Jay Beagle's goal required a lengthy review (via NHL)
Before the post-season begins, the NHL wants to add crossbar cameras in hopes of getting more accurate calls on reviewed plays. Cameras could also be added to the bluelines for more accurate offside reviews.
The Coach’s Challenge has added a new wrinkle to the replay system, and the NHL wants to make sure that a playoff series won’t be won or lost on an inconclusive call. That’s why in time for the playoffs, the league is looking to get the best view of the goal line possible.
Senior vice president of hockey operations Kris King told the Minneapolis Star-Tribune’s Michael Russo that the league is planning to move the two cameras currently situated inside the posts to the crossbar to get a top-down look at close plays. The hope, Russo reported, is the league will have the cameras moved to the crossbar by the time the playoffs begin.
“We think it’ll give us a truer picture and a real look straight down from 4 feet away rather than the overhead on the rafters that can sometimes be distorted,” King told Russo. “Oftentimes there’s traffic or goalie gear locking out [the post] cameras, and what we saw at the All-Star Game looked fantastic.”
As King mentions, the cameras were used during the All-Star Game to see how effective the crossbar angle could be. Coincidentally, news the league is looking to get the crossbar cameras installed comes the day after Washington’s Jay Beagle scored a goal that needed a lengthy review to be ruled a good goal. The overhead cameras may also prevent another occurrence like the controversial no-goal on a shot by Calgary’s Sam Bennett the 2015 post-season.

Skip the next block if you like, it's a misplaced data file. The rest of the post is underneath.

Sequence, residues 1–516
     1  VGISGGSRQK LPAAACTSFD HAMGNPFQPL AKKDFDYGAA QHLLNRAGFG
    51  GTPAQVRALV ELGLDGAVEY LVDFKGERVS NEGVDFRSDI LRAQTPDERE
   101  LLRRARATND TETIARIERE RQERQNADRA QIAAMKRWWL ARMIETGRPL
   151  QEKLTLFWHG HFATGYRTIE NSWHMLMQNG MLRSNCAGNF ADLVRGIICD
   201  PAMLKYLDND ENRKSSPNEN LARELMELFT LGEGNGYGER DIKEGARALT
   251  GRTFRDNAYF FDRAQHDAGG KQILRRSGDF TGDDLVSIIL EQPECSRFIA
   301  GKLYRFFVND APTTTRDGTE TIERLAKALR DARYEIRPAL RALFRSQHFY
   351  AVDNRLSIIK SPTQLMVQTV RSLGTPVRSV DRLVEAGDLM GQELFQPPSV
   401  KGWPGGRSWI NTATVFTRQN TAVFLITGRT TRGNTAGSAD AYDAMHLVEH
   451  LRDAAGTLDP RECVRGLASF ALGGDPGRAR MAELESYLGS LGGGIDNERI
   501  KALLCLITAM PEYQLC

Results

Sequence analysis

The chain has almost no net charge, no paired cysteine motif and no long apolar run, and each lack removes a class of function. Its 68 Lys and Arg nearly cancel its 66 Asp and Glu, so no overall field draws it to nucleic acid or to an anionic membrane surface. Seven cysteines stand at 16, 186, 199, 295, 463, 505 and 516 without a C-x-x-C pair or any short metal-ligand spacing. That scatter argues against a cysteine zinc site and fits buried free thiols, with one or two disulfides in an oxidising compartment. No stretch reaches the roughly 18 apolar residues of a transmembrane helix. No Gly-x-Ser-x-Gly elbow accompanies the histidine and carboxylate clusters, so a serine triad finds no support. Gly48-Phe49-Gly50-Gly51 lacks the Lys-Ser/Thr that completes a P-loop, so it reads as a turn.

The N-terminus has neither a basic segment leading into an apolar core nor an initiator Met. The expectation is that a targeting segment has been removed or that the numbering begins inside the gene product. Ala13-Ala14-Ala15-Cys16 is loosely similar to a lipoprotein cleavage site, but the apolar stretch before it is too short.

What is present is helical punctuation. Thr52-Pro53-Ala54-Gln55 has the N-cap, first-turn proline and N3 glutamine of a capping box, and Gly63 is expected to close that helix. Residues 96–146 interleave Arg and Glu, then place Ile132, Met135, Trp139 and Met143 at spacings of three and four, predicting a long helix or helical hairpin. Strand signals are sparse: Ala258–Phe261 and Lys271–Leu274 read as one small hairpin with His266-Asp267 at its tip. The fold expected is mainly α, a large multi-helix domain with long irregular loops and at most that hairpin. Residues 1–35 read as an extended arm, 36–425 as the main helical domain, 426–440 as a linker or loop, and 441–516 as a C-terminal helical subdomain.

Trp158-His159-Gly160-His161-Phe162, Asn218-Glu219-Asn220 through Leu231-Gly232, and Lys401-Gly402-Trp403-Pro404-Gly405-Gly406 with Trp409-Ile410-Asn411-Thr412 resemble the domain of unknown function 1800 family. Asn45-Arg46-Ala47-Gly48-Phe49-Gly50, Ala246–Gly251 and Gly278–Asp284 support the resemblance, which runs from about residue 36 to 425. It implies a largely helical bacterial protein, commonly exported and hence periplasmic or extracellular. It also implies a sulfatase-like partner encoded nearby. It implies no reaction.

Bennett, you may recall, appeared to have scored a game-tying goal in Game Three of the Flames’ second-round series against Anaheim, but it was ruled inconclusive and the no-goal call on the ice stood. An overhead camera likely would have been able to give a conclusive angle of Bennett’s shot.
In addition, Sportsnet’s Elliotte Friedman reported Saturday evening the league is also looking into cameras along the blueline in order to get a better and more accurate look when it comes to offside calls.
Another concern coaches and players have had regarding the reviews is consistency, but King also told Russo the league is giving the officials “continued education” in an attempt to standardize calls as best as possible from crew to crew. The league’s director of officiating, Stephen Walkom, is sent a video containing all challenges or reviewed plays from the previous week, which helps “each official…understand what their colleagues are doing,” said King.
Through all the calls for the calls to be centralized, though, the league has yet to take the step to take over and be the central hub for all reviews. That said, King told Russo the officials are starting to take into account what the NHL war room has to say on some plays.
“This came out of the GMs meeting in the fall where they asked us to be a little more giving of what we see, remembering quite specifically that [the officials] have the final say…We’re just giving them information and helping them get to that call,” King said.